Call it, the Christmas spirit.
Around the holidays, many families take in a loved one who suffers from substance abuse and addiction. This happens so often, the Center for Health Care Services sees a decline in services rendered, starting in November.
But the Center's Brian Clark says families that do this may be doing more harm than good.
"A lot of family members think it's a choice. They don’t realize the addiction that's associated."
Looking at the numbers from 2014 through today, he says they see a decrease of between ten and 20-percent in services around the holiday. That's a lot of families taking in a member who suffers from addiction.
But Clark says, by taking them in and giving them food and shelter, they're denying them professional counseling that could target the root cause of the addiction.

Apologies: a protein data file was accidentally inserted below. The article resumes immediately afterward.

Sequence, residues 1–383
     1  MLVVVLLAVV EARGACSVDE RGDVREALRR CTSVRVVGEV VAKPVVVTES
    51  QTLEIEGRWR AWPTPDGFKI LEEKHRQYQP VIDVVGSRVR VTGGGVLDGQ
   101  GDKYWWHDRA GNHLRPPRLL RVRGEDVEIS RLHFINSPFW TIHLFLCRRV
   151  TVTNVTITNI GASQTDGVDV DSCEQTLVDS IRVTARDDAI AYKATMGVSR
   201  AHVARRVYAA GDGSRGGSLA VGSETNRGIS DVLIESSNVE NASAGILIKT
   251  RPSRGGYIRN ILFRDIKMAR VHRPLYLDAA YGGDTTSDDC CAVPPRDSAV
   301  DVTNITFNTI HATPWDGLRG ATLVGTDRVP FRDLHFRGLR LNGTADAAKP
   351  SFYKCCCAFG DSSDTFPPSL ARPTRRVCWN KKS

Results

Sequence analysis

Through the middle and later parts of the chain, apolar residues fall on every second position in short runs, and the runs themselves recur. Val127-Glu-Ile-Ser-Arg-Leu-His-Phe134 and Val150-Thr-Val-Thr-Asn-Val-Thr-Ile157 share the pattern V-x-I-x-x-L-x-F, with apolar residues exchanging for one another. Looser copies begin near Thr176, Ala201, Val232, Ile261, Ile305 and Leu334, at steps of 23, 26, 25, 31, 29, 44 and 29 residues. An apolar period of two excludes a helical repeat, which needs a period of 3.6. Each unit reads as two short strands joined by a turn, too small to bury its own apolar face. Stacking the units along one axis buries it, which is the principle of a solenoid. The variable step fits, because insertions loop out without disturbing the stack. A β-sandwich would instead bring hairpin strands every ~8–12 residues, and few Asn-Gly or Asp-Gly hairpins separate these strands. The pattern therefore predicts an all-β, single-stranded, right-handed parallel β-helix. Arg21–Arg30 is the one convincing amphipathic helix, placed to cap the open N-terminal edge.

"No disrespect to the power of family, but if you have an alcoholic, that's a disease," he says. The same goes for narcotics as well.
And the numbers at the Center show that harboring an addict over the holidays doesn't help.
He says, in January, they see a spike in people who quickly fall off the wagon, once the good will ends.
"Family provides them a fresh reality. And then in January, that's when they're back to their homes or the streets."
He suggests that these well-intentioned families, instead, use the holidays to talk to loved ones about treatment. He says it's worse not to bring up the subject than keep quiet around the holidays.
"Have you thought about change?" he suggests families ask.
He says if families got their loved ones help for substance abuse instead of taking them in, it would make a huge difference in the city's battle against drug addiction.